esophageal cancer

Introduction

      disease characterized by the abnormal growth of cells in the esophagus, the muscular tube connecting the oral cavity with the stomach. Most esophageal cancers develop from epithelial (epithelium) cells lining the esophagus. Approximately half are derived from flat surface cells (squamous cell carcinomas (carcinoma)), whereas the others begin in glandular cells (adenocarcinomas). Worldwide, men are more than twice as likely to develop esophageal cancer as women. In the United States, blacks are three times more likely than whites to develop the disease.

Causes and symptoms
      Several risk factors have been identified that increase the likelihood of developing esophageal cancer. Some factors, such as age, sex, and race, are impossible to control. However, tobacco and alcohol use increase risk, and these behaviours can be controlled. People who accidently swallowed lye as children also have a higher risk of esophageal cancer as adults. Long-term problems with acid reflux may lead to a condition called Barrett's esophagus, in which the normal squamous cells that line the esophagus are replaced with glandular cells; this condition increases cancer risk. Rare disorders such as tylosis, achalasia, and Plummer-Vinson syndrome are also risk factors.

      Esophageal cancers are usually diagnosed once symptoms have appeared, but by this time the cancer has usually developed to a relatively advanced stage. Symptoms may include difficulty or pain when swallowing, pain or tightness in the chest, unexplained weight loss, hoarseness, or frequent hiccups.

Diagnosis and prognosis
      If cancer is suspected, a thorough examination is conducted to determine its type and stage. The esophagus is visually examined with an endoscope, and tissue samples are taken for biopsy. Several imaging methods are frequently used, such as chest X rays, computed tomography (computerized axial tomography) (CT) scans, or ultrasound (diagnosis). There is no definitive laboratory test for esophageal cancer.

      Once esophageal cancer has been diagnosed, its stage is determined to indicate how far the cancer has progressed. Stage 0 esophageal cancer is also called carcinoma in situ and is confined to the inner layer of epithelial cells lining the esophagus. Stage I cancers have spread into the connective tissue layer below the epithelium but have not invaded the underlying muscle layer. Stage II cancers either have spread through the muscle layer to the outer boundaries of the esophagus or have spread only into the muscle layer but have reached nearby lymph nodes. Stage III esophageal cancers have spread through the esophageal wall to the lymph nodes or other local tissues. Stage IV cancers have metastasized, or spread, to distant organs such as the stomach, liver, bone, or brain.

      The survival rate for esophageal cancer is lower than for many other cancers. When the cancer is detected before it has invaded the underlying tissue layers of the esophagus, five-year survival is high, but fewer than 25 percent of esophageal cancers are diagnosed at this stage. If the cancer has moved to the tissue immediately underlying the mucosal surface, five-year survival is reduced to about 50 percent, and the rate drops significantly once the cancer has moved from the esophagus to nearby lymph nodes or other tissues. Once the cancer has spread to distant tissues in the body, five-year survival is extremely low.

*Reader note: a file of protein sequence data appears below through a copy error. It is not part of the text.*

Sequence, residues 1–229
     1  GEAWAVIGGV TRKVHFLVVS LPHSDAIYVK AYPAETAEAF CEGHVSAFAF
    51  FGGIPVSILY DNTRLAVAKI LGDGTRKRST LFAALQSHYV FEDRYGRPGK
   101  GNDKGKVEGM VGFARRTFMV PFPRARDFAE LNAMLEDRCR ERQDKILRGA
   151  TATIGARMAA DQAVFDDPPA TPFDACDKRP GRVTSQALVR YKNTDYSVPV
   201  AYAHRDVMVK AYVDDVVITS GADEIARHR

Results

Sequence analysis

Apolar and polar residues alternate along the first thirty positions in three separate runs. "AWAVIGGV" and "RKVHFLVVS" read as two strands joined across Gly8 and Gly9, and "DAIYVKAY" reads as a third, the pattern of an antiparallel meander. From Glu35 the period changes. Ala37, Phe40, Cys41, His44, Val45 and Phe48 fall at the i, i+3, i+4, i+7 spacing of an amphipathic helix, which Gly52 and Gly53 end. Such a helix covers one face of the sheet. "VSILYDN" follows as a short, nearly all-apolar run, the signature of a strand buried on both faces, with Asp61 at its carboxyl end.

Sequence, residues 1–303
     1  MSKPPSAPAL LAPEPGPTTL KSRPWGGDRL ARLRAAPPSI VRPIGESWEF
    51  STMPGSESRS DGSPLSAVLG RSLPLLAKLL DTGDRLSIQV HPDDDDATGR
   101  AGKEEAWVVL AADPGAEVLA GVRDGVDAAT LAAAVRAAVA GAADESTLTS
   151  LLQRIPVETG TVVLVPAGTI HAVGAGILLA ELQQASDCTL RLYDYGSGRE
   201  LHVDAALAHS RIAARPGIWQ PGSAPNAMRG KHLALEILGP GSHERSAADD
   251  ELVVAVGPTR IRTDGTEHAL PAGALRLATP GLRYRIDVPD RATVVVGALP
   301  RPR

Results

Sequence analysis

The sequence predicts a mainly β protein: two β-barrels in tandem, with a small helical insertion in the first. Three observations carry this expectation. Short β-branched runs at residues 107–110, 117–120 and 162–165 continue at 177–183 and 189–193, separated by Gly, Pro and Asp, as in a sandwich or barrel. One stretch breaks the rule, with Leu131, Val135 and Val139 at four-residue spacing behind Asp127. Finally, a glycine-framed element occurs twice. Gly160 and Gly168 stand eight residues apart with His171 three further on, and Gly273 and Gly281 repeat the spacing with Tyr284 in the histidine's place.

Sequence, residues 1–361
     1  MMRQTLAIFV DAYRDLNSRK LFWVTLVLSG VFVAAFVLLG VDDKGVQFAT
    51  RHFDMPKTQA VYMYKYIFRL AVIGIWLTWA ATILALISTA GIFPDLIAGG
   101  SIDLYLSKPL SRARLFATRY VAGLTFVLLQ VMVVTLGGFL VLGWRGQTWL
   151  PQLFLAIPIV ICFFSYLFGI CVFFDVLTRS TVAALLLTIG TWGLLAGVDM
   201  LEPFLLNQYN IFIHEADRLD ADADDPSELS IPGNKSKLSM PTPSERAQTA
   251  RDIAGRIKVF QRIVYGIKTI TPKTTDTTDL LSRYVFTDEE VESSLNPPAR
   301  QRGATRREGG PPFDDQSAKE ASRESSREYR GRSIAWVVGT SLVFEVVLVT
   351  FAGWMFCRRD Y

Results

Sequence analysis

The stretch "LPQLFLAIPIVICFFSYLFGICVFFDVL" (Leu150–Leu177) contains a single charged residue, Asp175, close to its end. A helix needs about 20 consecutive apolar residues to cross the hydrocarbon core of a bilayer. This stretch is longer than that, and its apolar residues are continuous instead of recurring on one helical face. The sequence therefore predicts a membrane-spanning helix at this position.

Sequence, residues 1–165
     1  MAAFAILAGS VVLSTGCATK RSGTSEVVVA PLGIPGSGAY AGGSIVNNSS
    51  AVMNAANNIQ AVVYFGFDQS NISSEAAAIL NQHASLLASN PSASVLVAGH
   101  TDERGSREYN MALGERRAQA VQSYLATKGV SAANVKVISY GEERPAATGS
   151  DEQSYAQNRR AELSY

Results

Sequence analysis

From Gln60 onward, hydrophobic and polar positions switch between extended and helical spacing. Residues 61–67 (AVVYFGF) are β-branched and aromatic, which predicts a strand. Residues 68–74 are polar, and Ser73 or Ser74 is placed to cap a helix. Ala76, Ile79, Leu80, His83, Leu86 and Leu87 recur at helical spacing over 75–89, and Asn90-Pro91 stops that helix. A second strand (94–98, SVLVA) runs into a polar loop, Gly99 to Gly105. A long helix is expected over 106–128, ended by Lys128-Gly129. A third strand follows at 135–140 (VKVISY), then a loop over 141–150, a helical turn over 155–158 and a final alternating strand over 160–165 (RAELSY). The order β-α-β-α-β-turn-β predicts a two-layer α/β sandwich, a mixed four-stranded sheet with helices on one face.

Treatment
      Esophageal cancers are best treated surgically (surgery) when possible. If the cancer is confined to the upper region of the esophagus, an esophagectomy may be done to remove the cancerous portion, along with nearby lymph nodes, and to reconnect the remaining esophagus to the stomach. For cancers of the lower esophagus, it may be necessary to perform an esophagogastrectomy, in which a portion of the esophagus is removed along with a portion of the stomach. The stomach is then reattached directly to the remaining esophagus, or a segment of the colon is used to link the stomach and esophagus. Both of these surgeries are difficult and often result in serious complications. Other, less-drastic surgeries may be used to relieve symptoms, especially when surgical cure is not possible.

      Treatment with radiation alone does not cure esophageal cancer, but it may be used either before surgery to shrink the size of the tumour or following surgery to destroy remaining cancer cells. radiation therapy is also used to relieve symptoms. The side effects of radiation treatment include vomiting, diarrhea, fatigue, and esophageal irritation. chemotherapy is also used for some esophageal cancers. It is not curative, but it can relieve some symptoms and may be able to shrink tumours prior to surgery. Side effects resemble those of radiotherapy.

Prevention
      Esophageal cancer cannot be completely prevented, but risk can be lowered by reducing alcohol consumption and avoiding tobacco. Individuals who are at high risk should receive regular screening in order to increase the probability of early detection. Because there is no blood test available for esophageal cancer, screening requires regular biopsies and viewing of the esophagus with an endoscope.

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Universalium. 2010.

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